Like you, I want to live in a California where every woman and her family has a stable and safe place to live. Where she can put healthy food on the dinner table every night. And in the morning she has childcare and reliable transportation so she can get to her job. A job that pays her a living wage and allows her to provide for her family and save for emergencies and retirement. And if she or her kid gets sick, she has health insurance and paid sick leave so that she doesn’t have to choose between keeping her job and the wellbeing of her children.
I want to live in a California where every woman has the opportunity to decide where, when or if she is going to have a child. And if she chooses to have a child, she won’t be pushed to the brink of poverty for making her decision.
Focusing on women’s leadership
I know that together we can make this vision possible. I know that together we can solve the most complex problems and remove some of the most pervasive barriers that women and families face in California.
At the Women’s Foundation of California our solution is to invest in women’s leadership at all levels and especially as policy advocates and as philanthropists.
Women leaders in policy advocacy
We know first-hand what extraordinary feats women policy advocates are capable of.
Over the years, we have trained more than 300 grassroots women leaders through our Women’s Policy Institute and those women have helped pass more than 25 bills into state law. One of those laws is the California Domestic Worker Bill of Rights, which provides overtime pay to an estimated 100,000 California housekeepers, child care providers and caregivers. We trained the talented immigrant women workers who made this groundbreaking law possible and we gave them the tools they needed to gracefully kick down the doors of the Capitol and win state recognition for their dignity.
This year, we doubled down on our investment in women policy leaders because we know that they’ll use their new skills and networks to double—no, triple, even quadruple—their policy impact on our state. In partnership with The California Endowment, we expanded the Women’s Policy Institute and trained 20 more women in county-level policy in Riverside. What’s more, we’ll soon start training women in Los Angeles and San Bernardino counties.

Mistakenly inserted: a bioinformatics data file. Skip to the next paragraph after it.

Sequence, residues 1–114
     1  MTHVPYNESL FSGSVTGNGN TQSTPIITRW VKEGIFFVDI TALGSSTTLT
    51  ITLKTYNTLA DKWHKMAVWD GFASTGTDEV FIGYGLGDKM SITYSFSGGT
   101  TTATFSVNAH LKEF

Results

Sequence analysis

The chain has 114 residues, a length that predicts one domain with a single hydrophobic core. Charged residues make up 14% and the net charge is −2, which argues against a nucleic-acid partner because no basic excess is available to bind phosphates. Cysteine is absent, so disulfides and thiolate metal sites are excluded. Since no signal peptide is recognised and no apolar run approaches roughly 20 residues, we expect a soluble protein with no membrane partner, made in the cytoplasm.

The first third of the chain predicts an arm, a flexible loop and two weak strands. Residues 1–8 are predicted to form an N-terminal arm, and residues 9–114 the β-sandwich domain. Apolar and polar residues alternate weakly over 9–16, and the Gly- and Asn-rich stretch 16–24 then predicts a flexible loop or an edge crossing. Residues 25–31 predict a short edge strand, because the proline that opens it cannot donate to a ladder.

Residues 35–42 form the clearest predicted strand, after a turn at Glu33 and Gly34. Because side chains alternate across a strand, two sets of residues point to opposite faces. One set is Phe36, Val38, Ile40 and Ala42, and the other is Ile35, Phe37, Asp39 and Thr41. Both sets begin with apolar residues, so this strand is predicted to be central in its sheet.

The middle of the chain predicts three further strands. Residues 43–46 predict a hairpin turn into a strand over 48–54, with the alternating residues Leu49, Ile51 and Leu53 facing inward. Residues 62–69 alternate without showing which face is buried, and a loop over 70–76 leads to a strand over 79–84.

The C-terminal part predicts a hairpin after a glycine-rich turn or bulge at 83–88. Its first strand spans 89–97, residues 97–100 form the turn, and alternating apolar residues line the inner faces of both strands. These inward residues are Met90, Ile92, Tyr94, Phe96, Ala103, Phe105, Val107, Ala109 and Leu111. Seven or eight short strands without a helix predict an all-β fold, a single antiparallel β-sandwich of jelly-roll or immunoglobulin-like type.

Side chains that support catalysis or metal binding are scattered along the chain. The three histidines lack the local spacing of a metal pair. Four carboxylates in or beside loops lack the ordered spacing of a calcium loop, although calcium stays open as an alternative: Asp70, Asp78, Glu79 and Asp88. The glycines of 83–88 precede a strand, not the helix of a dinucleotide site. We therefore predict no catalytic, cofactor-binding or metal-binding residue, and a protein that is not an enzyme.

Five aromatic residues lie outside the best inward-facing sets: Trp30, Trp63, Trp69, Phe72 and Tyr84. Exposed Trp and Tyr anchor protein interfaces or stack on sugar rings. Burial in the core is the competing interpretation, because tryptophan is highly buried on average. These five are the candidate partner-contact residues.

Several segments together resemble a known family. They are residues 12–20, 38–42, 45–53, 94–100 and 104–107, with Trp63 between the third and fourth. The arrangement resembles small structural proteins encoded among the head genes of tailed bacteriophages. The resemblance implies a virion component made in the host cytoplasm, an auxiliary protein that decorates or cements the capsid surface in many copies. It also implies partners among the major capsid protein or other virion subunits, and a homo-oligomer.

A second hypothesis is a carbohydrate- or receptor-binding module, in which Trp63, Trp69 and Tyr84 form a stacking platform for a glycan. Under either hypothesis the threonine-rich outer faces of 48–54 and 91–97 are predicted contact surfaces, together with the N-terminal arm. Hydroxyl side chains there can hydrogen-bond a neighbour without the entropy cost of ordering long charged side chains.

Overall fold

When it comes to policy advocacy, we know that our role is to be a supportive partner to the advocates who are best situated to bring about policy change. We are steadfast in our belief that the people closest to the problems in their communities are best positioned to develop solutions to those problems. A grant partner once said it and we cannot agree more, “We are the experts of our experience.” At the Foundation, we exist to identify, support and ignite the experts.
Our role is to identify, support and ignite the experts in our communities.
Women leaders in philanthropy
As the only statewide women’s community foundation in California, it’s our duty to support women’s philanthropy in California and foster a culture of giving in our state. We’re committed to our six giving circles and are determined to grow the overall number of women philanthropists in California.
Today only seven percent of all philanthropic dollars goes to support women and girls’ causes. When we started out in 1979, that number was one percent. We have a lot to be proud of and, yet, we have a long way to go. We need to activate more women of all socioeconomic backgrounds to use the power of their purse string to ignite social change.
Over the last fifteen years, our giving circles have collectively awarded $10.4 million to more than 500 outstanding community-based organizations that are improving the lives of low-income women and girls.